Pret-a-Reporter

'RuPaul's Drag Race' Costume Exhibition Takes Over LASC In West Hollywood

Courtesy of RuPaul’s Drag Race FYC Costume Exhibit

RuPaul himself dropped by on Monday night to toast the over-the-top ensembles.

For RuPaul’s Drag Race fans, the scene at West Hollywood clothing boutique LASC on Monday night was — to quote a popular phrase from the long-running reality series — an extravaganza eleganza.

In the window, a collection of the host’s looks from season nine (all designed by Zaldy, Emmy-nominated for his work on the show last year) sparkled enough to be seen out on Santa Monica Boulevard.

A lime-green suit checkered with orange, yellow and red hangs near a stunning array of gowns, including a look constructed from what looked like silver-dipped corn husks, and another in swirling pastels, decorated with an open mouth topped with wide peacock eyes. 

Inside, at the centerpiece of the store, was the show's most coveted item for contestants: the lavish silver pageant crown and scepter. The exhibition of costumes and props will be on display for four weeks.

A coterie of RuPaul’s Drag Race contestants past and present held court with fans. It took awhile for RuPaul to arrive, but when he did, the energy dramatically shifted, as the crowd struggled to catch a glimpse of the Emmy-winning host as he stood for photos with the Drag Race stars. Valentina, the fan-favorite season nine contestant who was eliminated from competition several weeks ago, was a particular focus of attention as she posed in a sparkling black gown, black sunglasses and a platinum-blonde wig.

RuPaul, outfitted in a color-splashed Moods of Norway suit, noted that of the costumes displayed, a white silk organza gown adorned with black Chinese characters was his favorite. “I had so much fun wearing that dress,” he said gleefully. “If you see the episode, you look at my eyes and you can see I'm just, like, living.”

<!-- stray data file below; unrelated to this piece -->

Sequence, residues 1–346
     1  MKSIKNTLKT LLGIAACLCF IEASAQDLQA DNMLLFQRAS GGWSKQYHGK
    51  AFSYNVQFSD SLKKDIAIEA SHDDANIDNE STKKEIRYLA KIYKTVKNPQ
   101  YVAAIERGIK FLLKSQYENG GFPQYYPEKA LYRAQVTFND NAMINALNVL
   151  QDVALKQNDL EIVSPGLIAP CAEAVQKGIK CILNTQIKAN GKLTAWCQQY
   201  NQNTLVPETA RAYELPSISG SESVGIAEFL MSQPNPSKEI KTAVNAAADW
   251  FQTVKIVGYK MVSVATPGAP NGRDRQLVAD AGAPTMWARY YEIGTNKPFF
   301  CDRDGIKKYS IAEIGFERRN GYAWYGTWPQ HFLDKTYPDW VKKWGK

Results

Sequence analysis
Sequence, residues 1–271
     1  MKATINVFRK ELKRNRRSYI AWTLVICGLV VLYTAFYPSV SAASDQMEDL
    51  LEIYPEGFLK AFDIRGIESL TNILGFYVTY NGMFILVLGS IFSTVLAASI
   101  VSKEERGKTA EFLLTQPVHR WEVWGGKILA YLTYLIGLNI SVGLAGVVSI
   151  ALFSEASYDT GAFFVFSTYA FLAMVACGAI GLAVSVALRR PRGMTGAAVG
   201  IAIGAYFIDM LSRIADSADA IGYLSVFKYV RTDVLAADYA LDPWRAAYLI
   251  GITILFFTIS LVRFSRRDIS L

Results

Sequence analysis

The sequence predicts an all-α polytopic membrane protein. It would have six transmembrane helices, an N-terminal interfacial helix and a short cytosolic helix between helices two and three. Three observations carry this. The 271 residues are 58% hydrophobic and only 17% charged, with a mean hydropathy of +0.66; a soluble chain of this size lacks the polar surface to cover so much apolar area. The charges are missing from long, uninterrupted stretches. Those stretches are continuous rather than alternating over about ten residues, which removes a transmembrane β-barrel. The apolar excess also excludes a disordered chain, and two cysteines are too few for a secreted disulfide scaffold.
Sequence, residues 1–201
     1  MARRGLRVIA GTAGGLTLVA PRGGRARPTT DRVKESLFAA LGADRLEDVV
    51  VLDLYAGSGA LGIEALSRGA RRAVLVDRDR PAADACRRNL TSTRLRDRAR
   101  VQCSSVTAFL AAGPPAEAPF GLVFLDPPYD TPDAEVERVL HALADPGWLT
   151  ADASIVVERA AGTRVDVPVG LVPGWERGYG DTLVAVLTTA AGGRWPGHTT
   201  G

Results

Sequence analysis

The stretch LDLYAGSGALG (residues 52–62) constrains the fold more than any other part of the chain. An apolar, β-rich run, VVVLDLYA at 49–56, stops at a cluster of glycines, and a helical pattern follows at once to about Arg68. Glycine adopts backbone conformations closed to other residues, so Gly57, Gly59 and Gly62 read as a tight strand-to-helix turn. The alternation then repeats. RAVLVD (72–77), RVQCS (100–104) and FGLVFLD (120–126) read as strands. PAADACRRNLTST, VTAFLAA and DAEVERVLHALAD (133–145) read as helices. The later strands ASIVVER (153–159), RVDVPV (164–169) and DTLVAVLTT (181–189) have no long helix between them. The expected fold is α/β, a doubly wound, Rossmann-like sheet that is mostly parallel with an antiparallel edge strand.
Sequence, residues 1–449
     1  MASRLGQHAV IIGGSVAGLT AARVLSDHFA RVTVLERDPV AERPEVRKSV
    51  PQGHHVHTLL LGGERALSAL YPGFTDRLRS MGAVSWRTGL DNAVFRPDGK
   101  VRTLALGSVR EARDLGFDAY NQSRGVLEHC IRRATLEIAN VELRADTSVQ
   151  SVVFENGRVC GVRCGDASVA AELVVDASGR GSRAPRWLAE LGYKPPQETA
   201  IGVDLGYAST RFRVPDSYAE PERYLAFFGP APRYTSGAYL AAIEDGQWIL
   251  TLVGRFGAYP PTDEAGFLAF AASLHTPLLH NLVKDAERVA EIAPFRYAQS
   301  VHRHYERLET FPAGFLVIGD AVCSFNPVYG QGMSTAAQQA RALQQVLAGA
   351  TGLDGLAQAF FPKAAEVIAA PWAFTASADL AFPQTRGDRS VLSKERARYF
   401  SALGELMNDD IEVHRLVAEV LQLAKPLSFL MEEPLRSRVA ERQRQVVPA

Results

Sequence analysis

The other drag queens in attendance represented an impressive range of looks, from season nine contestant Eureka’s towering wig and form-fitting black and white dress (“It's very Leigh Bowery-inspired without the gimp mask,” she laughed) to Mariah Balenciaga’s flowing, “easy breezy” rosé-colored gown (“I wanted to show a softer side,” the Season 3 contestant purred). This diversity was noted by two-time Drag Race runner-up Raven, who wore an elegant all-black dress accented with a multi-layered gold chain necklace and matching full-finger rings.

“I think [the show] has opened a floodgate of queens in every genre,” she said. “Whether you’re a punk queen, a comedy queen, a fashion queen ... it has helped to show there's a place for you in drag, no matter what kind of drag you do.”

For RuPaul, the glamorous gowns on display are a far cry from the costumes he wore early in his career. While living in New York in the 1980s, the host came up in the “Genderf—” school of drag that was for him a direct response to the Reagan era’s conservative politics. But RuPaul changed course when it became clear that the overtly political style was tamping down on his potential to make a real living.

“Before it wasn't about sexuality, it was always about sort of political, personal politics of 'Oh, boys aren't suppose to wear this? Well, f— you! I'm gonna wear combat boots and a raggedy wig and smeared lipstick,’” he said. “So when I switched over and had to make money and do sexy, that was when I had to make some changes in my outlook.”

For RuPaul, that’s also when it stopped being fun.

“It's fun working with the girls each season,” he responded when asked if he still enjoys dressing up. “It's fun to get their energy and to be with them. That's the fun part. But the drag part, it stopped being fun when I couldn't be naughty in the clubs and party. When I got famous, that all ended.”

The RuPaul’s Drag Race exhibition runs for the next four weeks at LASC, 8592 California Route 2, West Hollywood, CA 90069

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